The Bank of Canada is sticking with its trendsetting interest rate of 0.5 per cent, saying uncertainties continue to overshadow the economy’s stronger-than-expected start to the year.
In explaining its decision Wednesday to hold the rate, the central bank once again highlighted weak wage growth and the softening rate for underlying inflation as examples the economy still has room for improvement.
The bank’s scheduled rate announcement comes after it raised its 2017 growth projection last month following a surprisingly healthy start to the year in areas such as employment, consumer spending and the housing markets. In Wednesday’s statement, the bank added better business investment numbers to the list.
“Recent economic data have been encouraging,” the bank said.
“Consumer spending and the housing sector continue to be robust on the back of an improving labour market, and these are becoming more broadly based across regions.”
The bank’s statement, however, also predicted that the “very strong growth” over the first three months of the year will be followed by some moderation in the second quarter, even though at the same time it expects the U.S. economy to rebound.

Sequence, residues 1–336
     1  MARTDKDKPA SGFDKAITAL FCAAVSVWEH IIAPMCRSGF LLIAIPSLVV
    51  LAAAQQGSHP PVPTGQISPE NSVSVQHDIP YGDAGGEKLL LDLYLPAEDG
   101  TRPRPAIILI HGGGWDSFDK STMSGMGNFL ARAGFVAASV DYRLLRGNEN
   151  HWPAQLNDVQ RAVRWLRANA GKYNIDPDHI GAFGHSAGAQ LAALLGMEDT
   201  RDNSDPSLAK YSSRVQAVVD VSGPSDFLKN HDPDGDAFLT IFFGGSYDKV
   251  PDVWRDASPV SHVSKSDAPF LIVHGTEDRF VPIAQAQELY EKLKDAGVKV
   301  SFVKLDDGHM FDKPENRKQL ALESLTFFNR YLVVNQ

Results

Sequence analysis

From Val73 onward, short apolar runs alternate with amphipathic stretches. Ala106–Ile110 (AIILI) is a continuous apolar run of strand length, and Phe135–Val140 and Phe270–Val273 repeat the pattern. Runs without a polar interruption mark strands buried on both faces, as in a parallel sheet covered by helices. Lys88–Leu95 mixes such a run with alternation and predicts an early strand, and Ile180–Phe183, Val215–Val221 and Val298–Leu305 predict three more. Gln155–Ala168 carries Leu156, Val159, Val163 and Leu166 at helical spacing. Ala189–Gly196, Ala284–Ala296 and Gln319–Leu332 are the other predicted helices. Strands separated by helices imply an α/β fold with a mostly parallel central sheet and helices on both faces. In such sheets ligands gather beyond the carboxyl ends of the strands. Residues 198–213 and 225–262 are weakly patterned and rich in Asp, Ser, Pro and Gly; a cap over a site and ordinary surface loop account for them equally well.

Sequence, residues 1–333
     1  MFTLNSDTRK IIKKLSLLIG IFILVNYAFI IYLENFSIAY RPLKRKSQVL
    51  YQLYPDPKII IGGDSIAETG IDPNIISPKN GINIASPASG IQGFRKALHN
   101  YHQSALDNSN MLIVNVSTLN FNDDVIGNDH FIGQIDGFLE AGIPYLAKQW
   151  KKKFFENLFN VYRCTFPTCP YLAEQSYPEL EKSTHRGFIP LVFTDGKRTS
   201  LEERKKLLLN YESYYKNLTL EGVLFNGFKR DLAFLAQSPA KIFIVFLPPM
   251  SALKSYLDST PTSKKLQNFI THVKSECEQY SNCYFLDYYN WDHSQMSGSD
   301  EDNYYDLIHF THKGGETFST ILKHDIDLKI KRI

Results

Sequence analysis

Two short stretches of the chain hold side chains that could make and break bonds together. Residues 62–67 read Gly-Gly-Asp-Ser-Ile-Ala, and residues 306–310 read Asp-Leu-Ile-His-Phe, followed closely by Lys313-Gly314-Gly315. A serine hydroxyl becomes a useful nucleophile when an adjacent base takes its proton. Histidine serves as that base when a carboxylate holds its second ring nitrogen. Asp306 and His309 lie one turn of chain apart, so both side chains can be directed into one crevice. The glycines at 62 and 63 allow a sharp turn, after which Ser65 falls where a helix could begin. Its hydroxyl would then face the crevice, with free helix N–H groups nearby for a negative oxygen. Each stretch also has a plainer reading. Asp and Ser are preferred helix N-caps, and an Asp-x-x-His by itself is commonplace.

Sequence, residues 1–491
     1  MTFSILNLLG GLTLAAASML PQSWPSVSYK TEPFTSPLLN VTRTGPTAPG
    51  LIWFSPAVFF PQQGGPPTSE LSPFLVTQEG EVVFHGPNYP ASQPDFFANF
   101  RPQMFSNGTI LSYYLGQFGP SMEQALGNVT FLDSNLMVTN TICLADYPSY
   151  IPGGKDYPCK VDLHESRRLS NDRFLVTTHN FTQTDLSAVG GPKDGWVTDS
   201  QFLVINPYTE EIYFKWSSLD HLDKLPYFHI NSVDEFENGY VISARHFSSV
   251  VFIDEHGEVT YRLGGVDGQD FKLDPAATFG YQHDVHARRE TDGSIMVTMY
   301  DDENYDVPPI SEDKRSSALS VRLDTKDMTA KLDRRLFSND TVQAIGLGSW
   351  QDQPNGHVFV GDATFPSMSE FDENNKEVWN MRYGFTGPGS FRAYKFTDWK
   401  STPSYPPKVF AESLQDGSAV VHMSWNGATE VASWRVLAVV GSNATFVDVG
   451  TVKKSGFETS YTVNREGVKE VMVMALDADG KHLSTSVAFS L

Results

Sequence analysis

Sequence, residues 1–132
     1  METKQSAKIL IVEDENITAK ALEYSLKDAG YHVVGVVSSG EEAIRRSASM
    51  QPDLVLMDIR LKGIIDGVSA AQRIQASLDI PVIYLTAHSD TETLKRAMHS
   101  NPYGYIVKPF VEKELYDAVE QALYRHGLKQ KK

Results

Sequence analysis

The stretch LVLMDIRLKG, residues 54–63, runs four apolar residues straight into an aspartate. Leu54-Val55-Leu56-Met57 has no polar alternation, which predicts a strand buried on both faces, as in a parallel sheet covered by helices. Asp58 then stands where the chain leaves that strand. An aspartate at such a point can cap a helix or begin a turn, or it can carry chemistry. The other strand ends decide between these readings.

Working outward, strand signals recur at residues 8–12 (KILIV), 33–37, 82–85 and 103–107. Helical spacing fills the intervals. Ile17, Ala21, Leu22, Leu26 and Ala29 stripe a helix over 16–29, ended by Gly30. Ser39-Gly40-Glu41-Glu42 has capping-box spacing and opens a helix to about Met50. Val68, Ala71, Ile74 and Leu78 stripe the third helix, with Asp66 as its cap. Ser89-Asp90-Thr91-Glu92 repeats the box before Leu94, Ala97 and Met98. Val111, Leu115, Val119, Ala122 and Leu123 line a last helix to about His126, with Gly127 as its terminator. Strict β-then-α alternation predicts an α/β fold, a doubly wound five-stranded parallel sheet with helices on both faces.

Analysts had widely predicted governor Stephen Poloz to keep the rate locked at its very low level of 0.5 per cent, as significant unknowns underlined by the bank in the past continue to swirl around the U.S. agenda on trade and taxation.
“The uncertainties outlined in the April (monetary policy report) continue to cloud the global and Canadian outlooks,” said the bank, without making any specific mentions this time about the potential policy path of Canada’s largest trading partner.
With no monetary policy report released Wednesday, observers will scrutinize the commentary in the bank’s one-page statement for clues about its thinking on the trajectory of the economy.
The bank’s statement also said while recent government policy measures on real estate have contributed to more sustainable outlooks for household debt, the rules have yet to have a substantial cooling effect on hot housing markets.
On core inflation, the bank noted that recent readings for its three measures, which reduce the influence of some more volatile consumer items like gasoline, have stayed below its ideal target of two per cent. That signals the entire economy has yet to catch up to the recent momentum.
by The Canadian Press | May 24, 2017